Jada Pinkett Smith Has Hair Loss Condition Called Alopecia
Hair loss is a fear most people struggle with as they get older. While genetics play a part, some folks may meet that fate earlier due to a medical condition called alopecia.
The American Academy of Dermatology describes alopecia as an autoimmune disorder where the body attacks its own hair follicles, causing hair loss anywhere on the body.
The disease came into the limelight recently when comedian Chris Rock joked about Jada Pinkett Smith’s shaved head at this year’s Oscars.
The distasteful quip was met with disgust by her husband, Will Smith, who went up on stage and slapped Chris Rock across the cheek.
In this article, we will explore Pinkett Smith’s journey while living with this condition before her husband’s recent altercation.
Jada Pinkett Smith shared her struggles with alopecia in 2018
In the sit-down interview, she talked about her horror when she first noticed herself losing handfuls of hair in the shower.
It was one of those times in my life where I was literally shaking with fear. That’s why I cut my hair and continued to cut it.
She went on to say that despite several medical tests, she was not able to determine the cause of her condition.
Embraced the condition by shaving her head in 2021
Over the years, she has come to terms with her disease and would occasionally rock a headscarf, reported CNN.
However, in 2021, she embraced the bald look and shaved all her hair off, which she showed off in a picture with her daughter on Instagram.
Months later, in Dec 2021, she provided an update on her condition through a video on Instagram and showed a line that formed on the crown of her head.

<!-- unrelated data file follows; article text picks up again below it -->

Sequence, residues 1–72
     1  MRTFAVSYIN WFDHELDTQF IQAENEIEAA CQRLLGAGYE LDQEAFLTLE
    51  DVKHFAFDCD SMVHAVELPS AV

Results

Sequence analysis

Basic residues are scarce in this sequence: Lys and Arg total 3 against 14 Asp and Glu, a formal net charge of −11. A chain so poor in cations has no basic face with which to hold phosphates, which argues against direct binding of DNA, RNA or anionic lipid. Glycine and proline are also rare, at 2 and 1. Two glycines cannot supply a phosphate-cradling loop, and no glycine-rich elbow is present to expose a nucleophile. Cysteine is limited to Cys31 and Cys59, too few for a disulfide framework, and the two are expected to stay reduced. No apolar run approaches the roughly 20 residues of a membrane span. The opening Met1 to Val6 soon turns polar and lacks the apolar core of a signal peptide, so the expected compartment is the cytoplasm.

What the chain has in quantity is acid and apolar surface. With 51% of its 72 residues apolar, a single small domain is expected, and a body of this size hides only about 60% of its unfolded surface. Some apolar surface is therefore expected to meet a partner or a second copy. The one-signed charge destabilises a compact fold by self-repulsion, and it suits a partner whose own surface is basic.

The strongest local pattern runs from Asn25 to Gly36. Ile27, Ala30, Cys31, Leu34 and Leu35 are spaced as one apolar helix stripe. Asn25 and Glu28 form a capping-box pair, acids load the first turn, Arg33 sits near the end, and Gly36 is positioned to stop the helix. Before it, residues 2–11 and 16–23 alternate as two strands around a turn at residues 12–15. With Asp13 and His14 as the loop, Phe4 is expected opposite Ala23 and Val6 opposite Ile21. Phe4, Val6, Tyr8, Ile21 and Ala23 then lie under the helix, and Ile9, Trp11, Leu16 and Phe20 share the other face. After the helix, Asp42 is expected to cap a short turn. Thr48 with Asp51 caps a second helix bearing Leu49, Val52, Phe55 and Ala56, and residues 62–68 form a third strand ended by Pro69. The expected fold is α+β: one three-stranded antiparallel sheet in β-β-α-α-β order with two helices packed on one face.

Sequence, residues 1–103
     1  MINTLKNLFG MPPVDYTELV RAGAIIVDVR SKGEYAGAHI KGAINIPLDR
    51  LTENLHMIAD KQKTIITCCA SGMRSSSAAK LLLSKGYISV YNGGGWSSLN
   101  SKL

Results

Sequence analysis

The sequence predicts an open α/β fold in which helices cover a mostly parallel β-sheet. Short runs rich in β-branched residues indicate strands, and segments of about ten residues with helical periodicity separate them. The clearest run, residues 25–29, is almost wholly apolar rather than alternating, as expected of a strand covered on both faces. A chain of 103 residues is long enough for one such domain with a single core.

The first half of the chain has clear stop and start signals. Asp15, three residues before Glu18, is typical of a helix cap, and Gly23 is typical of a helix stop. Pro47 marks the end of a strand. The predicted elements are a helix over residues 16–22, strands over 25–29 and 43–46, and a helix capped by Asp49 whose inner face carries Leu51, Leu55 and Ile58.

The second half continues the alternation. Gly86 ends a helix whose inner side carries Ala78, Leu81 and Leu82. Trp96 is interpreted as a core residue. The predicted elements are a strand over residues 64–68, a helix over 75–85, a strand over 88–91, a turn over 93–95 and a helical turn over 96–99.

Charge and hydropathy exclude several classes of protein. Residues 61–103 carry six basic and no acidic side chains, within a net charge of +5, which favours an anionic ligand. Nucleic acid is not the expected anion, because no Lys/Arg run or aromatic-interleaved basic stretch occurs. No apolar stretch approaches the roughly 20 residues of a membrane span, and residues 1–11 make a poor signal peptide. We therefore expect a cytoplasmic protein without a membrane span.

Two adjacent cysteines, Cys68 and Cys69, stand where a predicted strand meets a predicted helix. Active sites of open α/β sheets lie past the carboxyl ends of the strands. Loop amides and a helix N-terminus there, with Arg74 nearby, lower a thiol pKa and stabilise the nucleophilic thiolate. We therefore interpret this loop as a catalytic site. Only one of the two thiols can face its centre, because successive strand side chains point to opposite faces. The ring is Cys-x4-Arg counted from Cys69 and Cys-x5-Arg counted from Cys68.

In the caption, she made her peace with her alopecia and declared that she’ll be “friends” with the condition for life.
Alopecia attacks hair follicles on the body
The Washington Times describes alopecia as “a disease that occurs when the body’s immune system attacks hair follicles”.
These attacks would usually occur on the face or scalp, but they can also occur on other parts of the body.
On occasion, hair can fall out in chunks, resulting in partial baldness. Although the hair might grow back, bouts of baldness will occur again.
Both men and women, regardless of race, may face this disease. The condition can strike at any age, but most often during the teenage years or young adulthood.
There is currently no cure for it.
Jada Pinkett Smith can inspire others to embrace condition
One silver lining of this whole fiasco is that there is more attention on this rare disorder.
Now that there are more discussions about the disease, we hope that those with alopecia will feel more empowered to embrace their condition.
Have news you must share? Get in touch with us via email at firstname.lastname@example.org.
Drop us your email so you won't miss the latest news.